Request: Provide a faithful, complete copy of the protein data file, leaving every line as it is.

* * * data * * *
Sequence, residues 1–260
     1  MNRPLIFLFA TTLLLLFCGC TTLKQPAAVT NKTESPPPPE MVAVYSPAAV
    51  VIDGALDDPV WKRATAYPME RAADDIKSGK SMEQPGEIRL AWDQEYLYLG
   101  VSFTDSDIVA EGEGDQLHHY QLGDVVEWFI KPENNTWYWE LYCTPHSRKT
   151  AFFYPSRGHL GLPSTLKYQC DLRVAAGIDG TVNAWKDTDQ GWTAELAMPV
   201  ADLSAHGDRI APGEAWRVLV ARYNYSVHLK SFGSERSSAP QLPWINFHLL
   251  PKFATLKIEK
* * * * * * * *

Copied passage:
Sequence, residues 1–260
     1  MNRPLIFLFA TTLLLLFCGC TTLKQPAAVT NKTESPPPPE MVAVYSPAAV
    51  VIDGALDDPV WKRATAYPME RAADDIKSGK SMEQPGEIRL AWDQEYLYLG
   101  VSFTDSDIVA EGEGDQLHHY QLGDVVEWFI KPENNTWYWE LYCTPHSRKT
   151  AFFYPSRGHL GLPSTLKYQC DLRVAAGIDG TVNAWKDTDQ GWTAELAMPV
   201  ADLSAHGDRI APGEAWRVLV ARYNYSVHLK SFGSERSSAP QLPWINFHLL
   251  PKFATLKIEK